News that the proposed route of a long-debated four-lane highway toll road in southern Maine could involve slicing into a 500-acre, 13th-generation family farm caused some buzz this month. The story is typical of infrastructure-related tension in 2024.

The Press Herald’s reporting featured details all but guaranteed to stoke indignation. More than $200 million is to be poured into 5 miles of hotly debated regional toll road between Gorham and Westbrook, 10 long years in the works, and now that road may need to eat into a 304-year-old farm that produces milk and ice cream, taps maple syrup, and occasionally hosts cross-country skiers on its land.

A concerned letter writer referred to the need to protect “the wonderful oasis of animals and farmland that is Smiling Hill Farm.” The head of the Maine Broadband Coalition took the opportunity to promptly call for the investment to go to broadband instead. “Once again, the Department of Transportation shows that it is really just a highway department” was the pronouncement of one online commenter.

Farm or no farm – and we agree it is an impressive and charming farm – the plan to push ahead with 5 miles of new highway is (still) a glaring example of unambitious planning, a doubling-down on a system of infrastructure that does not prepare Maine for a better future.

There are more effective solutions to vehicle congestion than road-building, which forces people into cars, drives sprawl, increases vehicle miles traveled and increases carbon emissions. Yes, these alternative solutions are all much harder to pull off. That doesn’t mean we can shirk the responsibility to try.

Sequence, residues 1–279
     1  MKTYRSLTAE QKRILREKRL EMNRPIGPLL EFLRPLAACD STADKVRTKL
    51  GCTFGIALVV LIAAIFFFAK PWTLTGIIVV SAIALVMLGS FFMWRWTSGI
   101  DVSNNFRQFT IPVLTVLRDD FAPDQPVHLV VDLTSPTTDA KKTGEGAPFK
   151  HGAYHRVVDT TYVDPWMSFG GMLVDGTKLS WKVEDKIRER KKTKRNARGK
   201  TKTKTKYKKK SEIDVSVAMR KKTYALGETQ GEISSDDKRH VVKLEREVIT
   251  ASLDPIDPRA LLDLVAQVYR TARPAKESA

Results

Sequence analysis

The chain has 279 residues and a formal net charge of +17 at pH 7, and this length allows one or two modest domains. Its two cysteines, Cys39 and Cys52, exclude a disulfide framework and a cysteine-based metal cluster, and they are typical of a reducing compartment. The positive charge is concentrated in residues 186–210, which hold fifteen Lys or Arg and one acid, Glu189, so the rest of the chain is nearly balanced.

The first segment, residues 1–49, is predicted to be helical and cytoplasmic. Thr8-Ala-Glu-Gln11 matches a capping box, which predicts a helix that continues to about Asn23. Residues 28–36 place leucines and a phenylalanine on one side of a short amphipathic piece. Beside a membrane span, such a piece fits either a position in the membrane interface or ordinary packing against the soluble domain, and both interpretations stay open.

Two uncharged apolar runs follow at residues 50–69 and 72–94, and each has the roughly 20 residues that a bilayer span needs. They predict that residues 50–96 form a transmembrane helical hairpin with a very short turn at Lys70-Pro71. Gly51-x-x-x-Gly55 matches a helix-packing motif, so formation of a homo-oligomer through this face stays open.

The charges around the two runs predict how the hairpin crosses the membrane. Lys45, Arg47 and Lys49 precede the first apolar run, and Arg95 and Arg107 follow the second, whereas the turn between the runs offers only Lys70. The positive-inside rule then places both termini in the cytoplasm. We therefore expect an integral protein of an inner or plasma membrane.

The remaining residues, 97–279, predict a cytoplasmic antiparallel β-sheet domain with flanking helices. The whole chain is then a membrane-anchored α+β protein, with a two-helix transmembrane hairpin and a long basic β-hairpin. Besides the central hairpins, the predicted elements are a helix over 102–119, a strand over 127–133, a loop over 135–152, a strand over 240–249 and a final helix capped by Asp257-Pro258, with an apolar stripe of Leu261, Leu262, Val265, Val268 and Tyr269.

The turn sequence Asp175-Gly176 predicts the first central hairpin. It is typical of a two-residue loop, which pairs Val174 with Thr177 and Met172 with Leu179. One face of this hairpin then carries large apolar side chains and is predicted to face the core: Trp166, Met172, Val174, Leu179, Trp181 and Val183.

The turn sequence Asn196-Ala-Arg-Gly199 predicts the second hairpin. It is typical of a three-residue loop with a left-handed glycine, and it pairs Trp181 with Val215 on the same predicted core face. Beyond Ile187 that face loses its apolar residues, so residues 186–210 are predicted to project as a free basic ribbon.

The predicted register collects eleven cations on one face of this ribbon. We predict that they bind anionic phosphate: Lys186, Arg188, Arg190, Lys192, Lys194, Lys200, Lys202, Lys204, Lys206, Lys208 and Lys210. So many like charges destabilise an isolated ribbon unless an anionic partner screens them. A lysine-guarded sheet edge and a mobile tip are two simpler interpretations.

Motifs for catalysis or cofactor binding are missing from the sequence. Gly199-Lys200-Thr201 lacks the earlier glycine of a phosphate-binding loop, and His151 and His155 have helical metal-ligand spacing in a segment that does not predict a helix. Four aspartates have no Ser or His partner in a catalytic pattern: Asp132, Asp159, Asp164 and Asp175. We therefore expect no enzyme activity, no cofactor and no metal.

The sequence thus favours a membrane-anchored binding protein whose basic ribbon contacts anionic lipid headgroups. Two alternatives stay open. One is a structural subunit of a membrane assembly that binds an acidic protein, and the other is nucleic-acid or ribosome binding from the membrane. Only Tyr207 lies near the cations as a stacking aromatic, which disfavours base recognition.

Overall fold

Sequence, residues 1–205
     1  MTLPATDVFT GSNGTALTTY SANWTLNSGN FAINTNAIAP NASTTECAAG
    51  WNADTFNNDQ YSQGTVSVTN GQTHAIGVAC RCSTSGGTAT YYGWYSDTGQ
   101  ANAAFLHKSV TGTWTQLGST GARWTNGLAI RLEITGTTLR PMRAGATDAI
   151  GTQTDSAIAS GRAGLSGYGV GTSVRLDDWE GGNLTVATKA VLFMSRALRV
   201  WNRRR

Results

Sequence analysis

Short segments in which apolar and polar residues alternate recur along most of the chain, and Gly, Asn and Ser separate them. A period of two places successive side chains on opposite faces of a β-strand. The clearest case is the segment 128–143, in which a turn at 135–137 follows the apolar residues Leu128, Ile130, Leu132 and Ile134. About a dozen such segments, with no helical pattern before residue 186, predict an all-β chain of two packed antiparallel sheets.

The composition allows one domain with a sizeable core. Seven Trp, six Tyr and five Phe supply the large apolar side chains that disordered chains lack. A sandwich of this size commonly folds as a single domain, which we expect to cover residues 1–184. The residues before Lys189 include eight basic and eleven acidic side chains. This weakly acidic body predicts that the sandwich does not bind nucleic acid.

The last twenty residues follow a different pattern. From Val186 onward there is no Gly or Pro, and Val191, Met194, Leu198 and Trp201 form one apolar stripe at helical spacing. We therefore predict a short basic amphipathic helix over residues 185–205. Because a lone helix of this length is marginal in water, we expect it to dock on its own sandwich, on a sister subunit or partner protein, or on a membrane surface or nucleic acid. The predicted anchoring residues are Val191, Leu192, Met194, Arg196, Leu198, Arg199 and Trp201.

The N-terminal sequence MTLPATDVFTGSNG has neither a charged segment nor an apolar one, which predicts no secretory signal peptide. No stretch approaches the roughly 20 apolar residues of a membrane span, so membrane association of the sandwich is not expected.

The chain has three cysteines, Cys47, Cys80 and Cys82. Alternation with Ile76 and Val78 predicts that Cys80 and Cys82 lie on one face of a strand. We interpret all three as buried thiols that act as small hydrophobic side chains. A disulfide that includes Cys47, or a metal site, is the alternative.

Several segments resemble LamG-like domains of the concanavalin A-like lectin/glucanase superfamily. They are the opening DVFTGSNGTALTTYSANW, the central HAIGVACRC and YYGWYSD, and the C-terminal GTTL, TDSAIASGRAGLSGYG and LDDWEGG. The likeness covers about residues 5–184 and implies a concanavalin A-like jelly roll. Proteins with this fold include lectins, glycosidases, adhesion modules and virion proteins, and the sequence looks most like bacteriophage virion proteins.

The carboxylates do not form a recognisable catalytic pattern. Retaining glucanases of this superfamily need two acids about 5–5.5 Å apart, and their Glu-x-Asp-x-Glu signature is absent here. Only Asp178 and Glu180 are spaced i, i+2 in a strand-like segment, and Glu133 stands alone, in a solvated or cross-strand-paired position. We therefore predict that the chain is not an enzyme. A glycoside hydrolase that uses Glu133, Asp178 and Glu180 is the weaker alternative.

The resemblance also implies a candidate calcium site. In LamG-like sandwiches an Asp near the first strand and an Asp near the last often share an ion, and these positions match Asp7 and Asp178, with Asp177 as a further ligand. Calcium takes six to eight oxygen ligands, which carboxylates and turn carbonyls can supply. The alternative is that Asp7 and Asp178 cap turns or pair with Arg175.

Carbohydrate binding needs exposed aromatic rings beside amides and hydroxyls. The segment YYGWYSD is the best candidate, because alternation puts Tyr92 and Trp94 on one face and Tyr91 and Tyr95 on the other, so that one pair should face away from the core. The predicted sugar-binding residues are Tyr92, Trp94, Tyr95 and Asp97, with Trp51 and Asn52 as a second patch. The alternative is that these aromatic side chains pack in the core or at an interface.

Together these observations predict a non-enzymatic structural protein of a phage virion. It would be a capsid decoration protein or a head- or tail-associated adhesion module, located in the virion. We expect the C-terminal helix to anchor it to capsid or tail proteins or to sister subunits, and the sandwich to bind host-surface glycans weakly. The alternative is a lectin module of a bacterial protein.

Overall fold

In July 2022, Portland City Council asked the Maine Turnpike Authority to halt work on the project until a “rapid transit study” was completed. Last month, such a study was released. It recommended the development of a rapid bus service connecting Gorham, Westbrook and Portland.

If you find yourself bristling at the concept of a rapid bus service, or doubtful that mass transit could make a meaningful difference to urban and suburban congestion, workforce mobility or the health of a town, remember that you have never encountered a service like this in Maine. We do not have one.

Public meetings pertaining to the Gorham Connector kick off next month. This type of planning standoff is going to play out all over the state in the years to come, as well it should. Any move away from straight-ahead road-building is bound to be slow and fraught. But that movement should be all but nonnegotiable. We did not need a local transit study to tell us that it would be better from a civic, social and environmental standpoint to implement a system of local transit that is too good to pass up.

Change like this requires bold visualization, insistence on new and unfamiliar standards of public service, and supportive infrastructure. We can achieve these things at a reasonable cost and with a critical return on that investment for the environment, community cohesion and sought-after population growth. Or we can pave yet more land and stay sitting in our cars.

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